Comments

  • Reply 1 of 7
    larryalarrya Posts: 587member
    Very creative and effective, but the scary thought is that he probably isn’t the first person to think of doing this. 
    JWSCwatto_cobra
  • Reply 2 of 7
    M68000M68000 Posts: 452member
    This kind of thing is another example why you want to do your own data back up of critical personal files to non internet attached storage media that has physical security also, with a duplicate set in another location such as a bank safety deposit box. 
    watto_cobra
  • Reply 3 of 7
    And thus begins the era of awareness that we need to use cryptographic hashes on every single part that goes into a released application, along with a careful certification process that’ll still be limited by humans, to reduce chances of this happening.

    Fun!
    beowulfschmidtwatto_cobra
  • Reply 4 of 7
    M68000 said:
    This kind of thing is another example why you want to do your own data back up of critical personal files to non internet attached storage media that has physical security also, with a duplicate set in another location such as a bank safety deposit box. 
    Great in theory, but an annoying pain in practice...  unless your personal files rarely change.
    watto_cobra
  • Reply 5 of 7
    MplsPMplsP Posts: 3,646member
    Excellent work on Birsan’s part. He deserved the bounty payments he got. I’m glad to see that Apple and other companies are continuing these payments and rewarding people that help make digital systems more secure for everyone.
    watto_cobra
  • Reply 6 of 7
    And thus begins the era of awareness that we need to use cryptographic hashes on every single part that goes into a released application, along with a careful certification process that’ll still be limited by humans, to reduce chances of this happening.

    Fun!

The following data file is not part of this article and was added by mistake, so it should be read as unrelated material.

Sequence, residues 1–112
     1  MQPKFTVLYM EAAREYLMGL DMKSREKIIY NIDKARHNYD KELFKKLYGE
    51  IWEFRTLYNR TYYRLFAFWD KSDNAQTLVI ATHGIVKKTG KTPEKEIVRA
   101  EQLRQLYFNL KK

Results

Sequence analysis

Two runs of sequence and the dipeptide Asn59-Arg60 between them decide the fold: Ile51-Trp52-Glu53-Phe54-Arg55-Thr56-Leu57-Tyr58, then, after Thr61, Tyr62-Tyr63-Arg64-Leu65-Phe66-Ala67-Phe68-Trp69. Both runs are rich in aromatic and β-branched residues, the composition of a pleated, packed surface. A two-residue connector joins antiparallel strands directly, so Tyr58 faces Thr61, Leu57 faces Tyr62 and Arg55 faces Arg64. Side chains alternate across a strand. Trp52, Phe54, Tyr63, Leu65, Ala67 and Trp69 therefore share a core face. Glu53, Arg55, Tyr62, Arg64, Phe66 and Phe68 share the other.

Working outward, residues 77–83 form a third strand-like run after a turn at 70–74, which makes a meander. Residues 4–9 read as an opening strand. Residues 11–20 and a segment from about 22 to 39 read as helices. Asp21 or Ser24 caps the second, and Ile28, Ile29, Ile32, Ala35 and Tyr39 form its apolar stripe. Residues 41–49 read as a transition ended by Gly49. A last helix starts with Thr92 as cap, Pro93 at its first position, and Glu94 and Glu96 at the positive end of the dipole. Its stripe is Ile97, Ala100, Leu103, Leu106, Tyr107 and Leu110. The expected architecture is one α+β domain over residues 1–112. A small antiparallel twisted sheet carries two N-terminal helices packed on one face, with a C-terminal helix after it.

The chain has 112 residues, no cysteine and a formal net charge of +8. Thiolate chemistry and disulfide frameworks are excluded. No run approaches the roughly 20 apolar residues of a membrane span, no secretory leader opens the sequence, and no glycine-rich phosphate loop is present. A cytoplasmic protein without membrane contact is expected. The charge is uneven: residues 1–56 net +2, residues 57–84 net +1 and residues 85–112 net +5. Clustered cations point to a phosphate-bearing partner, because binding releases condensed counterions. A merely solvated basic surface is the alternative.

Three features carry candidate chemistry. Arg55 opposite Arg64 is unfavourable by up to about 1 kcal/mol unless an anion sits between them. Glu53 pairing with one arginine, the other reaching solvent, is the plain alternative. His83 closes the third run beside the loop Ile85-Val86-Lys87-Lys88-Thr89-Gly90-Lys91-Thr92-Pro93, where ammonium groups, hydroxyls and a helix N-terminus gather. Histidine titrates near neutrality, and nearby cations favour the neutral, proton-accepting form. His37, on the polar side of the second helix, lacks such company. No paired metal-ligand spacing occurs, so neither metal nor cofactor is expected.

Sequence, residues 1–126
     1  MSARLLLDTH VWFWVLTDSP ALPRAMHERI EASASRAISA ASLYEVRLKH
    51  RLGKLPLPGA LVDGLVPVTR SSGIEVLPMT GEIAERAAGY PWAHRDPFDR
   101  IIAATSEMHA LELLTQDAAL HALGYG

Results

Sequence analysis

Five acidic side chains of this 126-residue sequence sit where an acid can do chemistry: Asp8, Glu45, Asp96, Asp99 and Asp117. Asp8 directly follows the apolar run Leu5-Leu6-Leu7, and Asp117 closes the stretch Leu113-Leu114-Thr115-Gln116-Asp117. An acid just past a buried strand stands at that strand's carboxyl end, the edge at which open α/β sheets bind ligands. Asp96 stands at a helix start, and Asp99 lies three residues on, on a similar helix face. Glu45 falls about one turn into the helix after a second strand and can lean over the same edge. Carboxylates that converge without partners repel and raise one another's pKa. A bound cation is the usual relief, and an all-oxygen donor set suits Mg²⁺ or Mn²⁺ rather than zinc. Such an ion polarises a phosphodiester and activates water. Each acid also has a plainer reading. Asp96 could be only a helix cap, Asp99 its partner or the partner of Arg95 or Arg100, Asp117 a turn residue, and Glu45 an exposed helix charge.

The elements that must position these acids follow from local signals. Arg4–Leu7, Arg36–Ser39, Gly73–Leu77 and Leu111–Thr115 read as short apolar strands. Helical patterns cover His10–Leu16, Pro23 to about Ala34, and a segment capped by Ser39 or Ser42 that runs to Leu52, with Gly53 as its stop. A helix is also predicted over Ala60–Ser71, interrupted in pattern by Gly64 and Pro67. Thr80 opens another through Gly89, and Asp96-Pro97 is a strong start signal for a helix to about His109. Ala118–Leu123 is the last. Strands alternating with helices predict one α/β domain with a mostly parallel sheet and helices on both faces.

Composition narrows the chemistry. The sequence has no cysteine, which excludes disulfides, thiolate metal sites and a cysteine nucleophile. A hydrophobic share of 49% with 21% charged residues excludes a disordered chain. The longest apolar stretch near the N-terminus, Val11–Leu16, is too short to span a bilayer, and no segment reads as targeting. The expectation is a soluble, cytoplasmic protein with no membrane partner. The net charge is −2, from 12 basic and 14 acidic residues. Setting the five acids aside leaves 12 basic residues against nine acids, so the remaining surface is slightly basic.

Some of us have known that for ages. :smile: 

    There is a fairly large number of open source projects that include md5 hashes on their download pages when manually downloading.  Unfortunately, integrating such checking into an automatic build is somewhat harder.  Not insoluble though.
    watto_cobra
  • Reply 7 of 7
    gatorguygatorguy Posts: 23,380member
    M68000 said:
    This kind of thing is another example why you want to do your own data back up of critical personal files to non internet attached storage media that has physical security also, with a duplicate set in another location such as a bank safety deposit box. 
    Like the file cabinets and at-home fire safes we used to rely on? Yeah, I still use those. Print it out and keep a copy in specific file folders at my house if there's value in keeping it handy.

    My Mom when she was alive kept those really important papers in a safety deposit box as a lot of people did. My own fire vault is good enough for me, and right now is not a great time to try to get access to your papers at a bank anyway. My regular branch is all but closed to the public except by appointment.
    edited February 2021
Sign In or Register to comment.